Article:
By Femi Adesina
As the Covid-19 pandemic remains unrelenting, a large swathe of the country is under lockdown, some proclaimed by Federal Government, others pronounced by the respective state governors. It’s not exactly the best of times for Nigerians, but the sacrifices are required to stay alive. As it is said, a living dog is better than a dead lion.
However, it is not all gloom and doom for the country. Out of the eater came something to eat, and out of the strong came something sweet (biblical Samson’s riddle). In the early days of the pandemic in Nigeria, before the lockdown became widespread, good news had wafted out from locations where critical infrastructure works were in progress. And as we hunker at home now, such things can still sweeten our ‘belle,’ as we expect better days for the world, for our country, and for ourselves.
The first phase of the lockdown for FCT, Lagos and Ogun states was proclaimed in a national broadcast on March 29. And while we were still in the doldrums, feeling like King Leah at his worst, a tweet came on March 31 from CCECC, the Chinese company handling the Lagos-Ibadan railway project.
“”A stunning victory!” the message read. “The track laying work on the main line for the Lagos-Ibadan railway has been completed at 12.08 p.m on March 28. This marks the fact that the railway is getting one step closer to opening to traffic.”
What a delight! Out of the strong came something sweet. In time of lockdown, things are looking up for Nigeria. The Muhammadu Buhari administration is writing its name in gold.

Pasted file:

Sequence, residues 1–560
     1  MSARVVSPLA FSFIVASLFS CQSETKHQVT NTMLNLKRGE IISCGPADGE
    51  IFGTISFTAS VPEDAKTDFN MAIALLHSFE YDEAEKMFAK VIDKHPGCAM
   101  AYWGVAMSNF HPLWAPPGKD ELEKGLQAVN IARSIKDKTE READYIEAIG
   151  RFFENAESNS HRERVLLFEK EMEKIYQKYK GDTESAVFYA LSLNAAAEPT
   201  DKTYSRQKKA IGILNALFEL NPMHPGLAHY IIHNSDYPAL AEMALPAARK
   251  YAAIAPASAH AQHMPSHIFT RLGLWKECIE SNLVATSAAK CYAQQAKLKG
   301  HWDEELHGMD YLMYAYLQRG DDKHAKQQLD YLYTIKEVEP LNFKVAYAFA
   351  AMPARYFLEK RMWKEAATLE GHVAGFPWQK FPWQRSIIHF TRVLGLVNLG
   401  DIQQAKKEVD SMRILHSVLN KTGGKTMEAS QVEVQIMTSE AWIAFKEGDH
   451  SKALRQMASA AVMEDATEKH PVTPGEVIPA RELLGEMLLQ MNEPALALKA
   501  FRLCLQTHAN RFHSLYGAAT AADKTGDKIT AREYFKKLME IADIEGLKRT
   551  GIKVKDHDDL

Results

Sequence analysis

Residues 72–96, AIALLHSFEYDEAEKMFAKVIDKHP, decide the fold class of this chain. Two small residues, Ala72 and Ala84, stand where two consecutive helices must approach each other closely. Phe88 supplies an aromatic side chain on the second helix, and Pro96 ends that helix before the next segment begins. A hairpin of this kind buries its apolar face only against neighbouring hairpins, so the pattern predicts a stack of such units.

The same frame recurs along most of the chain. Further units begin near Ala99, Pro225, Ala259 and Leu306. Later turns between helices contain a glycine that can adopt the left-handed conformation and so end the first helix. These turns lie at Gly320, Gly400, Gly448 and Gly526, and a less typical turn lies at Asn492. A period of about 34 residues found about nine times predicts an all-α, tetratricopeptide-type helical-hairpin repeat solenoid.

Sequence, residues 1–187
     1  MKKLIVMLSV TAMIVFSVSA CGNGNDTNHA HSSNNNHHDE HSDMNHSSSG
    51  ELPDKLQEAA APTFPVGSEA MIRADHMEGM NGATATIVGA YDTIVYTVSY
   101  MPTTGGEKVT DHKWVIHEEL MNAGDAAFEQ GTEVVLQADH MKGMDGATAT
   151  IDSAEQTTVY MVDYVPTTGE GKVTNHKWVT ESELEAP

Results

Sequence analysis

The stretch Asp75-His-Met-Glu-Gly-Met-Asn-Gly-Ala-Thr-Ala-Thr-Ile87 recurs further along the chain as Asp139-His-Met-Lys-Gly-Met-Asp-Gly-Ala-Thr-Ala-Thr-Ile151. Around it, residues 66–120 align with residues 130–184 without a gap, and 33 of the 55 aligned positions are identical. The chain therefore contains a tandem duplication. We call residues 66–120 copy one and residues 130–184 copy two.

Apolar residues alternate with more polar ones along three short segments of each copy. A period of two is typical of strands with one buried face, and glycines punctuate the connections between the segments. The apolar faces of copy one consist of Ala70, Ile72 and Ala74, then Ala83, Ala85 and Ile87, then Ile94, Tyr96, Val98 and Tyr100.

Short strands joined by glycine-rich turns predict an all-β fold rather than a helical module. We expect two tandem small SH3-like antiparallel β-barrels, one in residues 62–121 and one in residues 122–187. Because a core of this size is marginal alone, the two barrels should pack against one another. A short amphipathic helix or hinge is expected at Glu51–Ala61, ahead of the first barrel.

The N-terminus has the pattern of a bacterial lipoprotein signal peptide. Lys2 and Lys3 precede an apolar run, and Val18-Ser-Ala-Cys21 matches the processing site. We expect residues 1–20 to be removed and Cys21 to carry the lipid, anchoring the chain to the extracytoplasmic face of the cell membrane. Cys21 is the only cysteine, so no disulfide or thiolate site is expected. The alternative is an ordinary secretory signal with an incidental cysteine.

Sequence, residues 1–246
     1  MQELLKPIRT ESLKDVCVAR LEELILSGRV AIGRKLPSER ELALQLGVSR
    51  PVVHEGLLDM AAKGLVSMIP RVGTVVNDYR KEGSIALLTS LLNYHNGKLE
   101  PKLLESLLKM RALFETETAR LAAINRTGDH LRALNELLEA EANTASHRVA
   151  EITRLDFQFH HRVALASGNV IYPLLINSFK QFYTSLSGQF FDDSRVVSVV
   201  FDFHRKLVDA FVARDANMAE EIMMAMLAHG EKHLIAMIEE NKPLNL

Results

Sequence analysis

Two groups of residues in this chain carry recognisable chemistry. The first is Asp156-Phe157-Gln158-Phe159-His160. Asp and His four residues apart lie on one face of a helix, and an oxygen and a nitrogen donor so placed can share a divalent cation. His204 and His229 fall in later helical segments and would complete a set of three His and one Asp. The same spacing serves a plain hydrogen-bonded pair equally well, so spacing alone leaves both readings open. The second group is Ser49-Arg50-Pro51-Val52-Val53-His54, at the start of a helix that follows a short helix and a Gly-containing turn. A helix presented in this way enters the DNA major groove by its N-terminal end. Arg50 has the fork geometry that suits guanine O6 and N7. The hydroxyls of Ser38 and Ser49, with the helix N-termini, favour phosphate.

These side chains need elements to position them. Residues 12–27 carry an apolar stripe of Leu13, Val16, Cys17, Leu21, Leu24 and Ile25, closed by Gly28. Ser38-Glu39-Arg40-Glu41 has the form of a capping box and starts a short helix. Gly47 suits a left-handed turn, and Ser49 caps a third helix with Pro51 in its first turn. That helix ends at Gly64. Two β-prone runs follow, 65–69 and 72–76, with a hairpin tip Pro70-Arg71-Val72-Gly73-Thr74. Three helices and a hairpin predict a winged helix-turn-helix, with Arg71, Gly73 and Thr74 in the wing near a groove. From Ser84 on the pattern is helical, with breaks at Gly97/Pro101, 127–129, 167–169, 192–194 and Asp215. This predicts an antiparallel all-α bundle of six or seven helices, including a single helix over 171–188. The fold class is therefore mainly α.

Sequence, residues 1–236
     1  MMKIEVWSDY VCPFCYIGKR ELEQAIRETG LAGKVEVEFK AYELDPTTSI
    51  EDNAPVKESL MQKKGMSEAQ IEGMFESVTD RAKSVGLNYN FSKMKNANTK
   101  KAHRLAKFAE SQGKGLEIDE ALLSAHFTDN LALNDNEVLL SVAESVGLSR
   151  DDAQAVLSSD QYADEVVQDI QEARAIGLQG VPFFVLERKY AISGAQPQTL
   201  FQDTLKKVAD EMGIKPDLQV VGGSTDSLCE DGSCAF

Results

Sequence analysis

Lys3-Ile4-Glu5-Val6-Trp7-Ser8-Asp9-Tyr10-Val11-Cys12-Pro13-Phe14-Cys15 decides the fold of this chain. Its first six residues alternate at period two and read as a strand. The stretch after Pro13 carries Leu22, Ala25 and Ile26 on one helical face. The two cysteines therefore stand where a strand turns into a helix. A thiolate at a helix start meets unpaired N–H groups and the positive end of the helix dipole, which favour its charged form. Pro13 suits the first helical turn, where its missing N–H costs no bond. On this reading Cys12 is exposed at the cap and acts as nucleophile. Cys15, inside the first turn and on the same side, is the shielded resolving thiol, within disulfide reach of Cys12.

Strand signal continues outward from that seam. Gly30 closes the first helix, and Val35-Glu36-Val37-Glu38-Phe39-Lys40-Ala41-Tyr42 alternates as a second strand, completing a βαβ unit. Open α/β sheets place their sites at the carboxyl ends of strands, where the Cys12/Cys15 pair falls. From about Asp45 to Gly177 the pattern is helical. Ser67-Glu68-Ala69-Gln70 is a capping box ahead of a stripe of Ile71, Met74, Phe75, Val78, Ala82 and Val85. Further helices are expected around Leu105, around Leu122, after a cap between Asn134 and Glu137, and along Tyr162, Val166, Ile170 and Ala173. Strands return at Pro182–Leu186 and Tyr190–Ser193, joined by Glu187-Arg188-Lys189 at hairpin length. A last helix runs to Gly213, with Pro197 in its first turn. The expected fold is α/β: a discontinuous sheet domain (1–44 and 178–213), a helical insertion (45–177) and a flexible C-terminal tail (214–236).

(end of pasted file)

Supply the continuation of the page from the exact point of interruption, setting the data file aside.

For those who are perhaps less than 40-50 years old, they have not seen trains working in most parts of the country, except perhaps in Lagos and a few other cities. Now, trains would soon zoom across the national landscape, starting from Lagos-Ibadan. It’s a thing to rejoice over, even at a dolorous time, with the specter of Coronavirus hanging like a diabolical Incubus.
The Lagos-Ibadan railway covers 158 kilometers, across ten stations, from Apapa to Ibadan. From Ebute-Metta to Ibadan has now been completed, while Apapa to Ebute-Metta, an addendum to the original contract, will be done after the Covid-19 emergency.
The implication? People can now live in Ibadan, and work in Lagos, and commute effortlessly. Goods can now be evacuated from Apapa Port to other parts of the country without subjecting the roads to deadweight, and causing premature spoilage. Nigeria is joining the rest of the modern world in the area of haulage and public transportation. I’m sure proud to be part of the Buhari government that is launching Nigeria into new realms. With three more years, by the grace of God, people ain’t seen nothing yet. Ise ribiribi ko duro.
From the Eastern frontier came an update on the Second Niger Bridge, by the middle of March. There, things are surely looking up too.
Scope of work is the 1.6 kilometer bridge, and 10.3 kilometers highway, including Owerri Interchange and Toll Station.
In three previous civilian administrations, headed by presidents from the same political party, the Second Niger Bridge had been an object of unscrupulous politicking. When they wanted votes from that part of the country, they would vow to build the bridge in three months. But the project never took off. Till July 25, 2018, when the Letter of Award came. The contract was signed on August 14,2018, and work commenced on September 1 of the same year. Contract period is 42 months. Buhari is on the march again.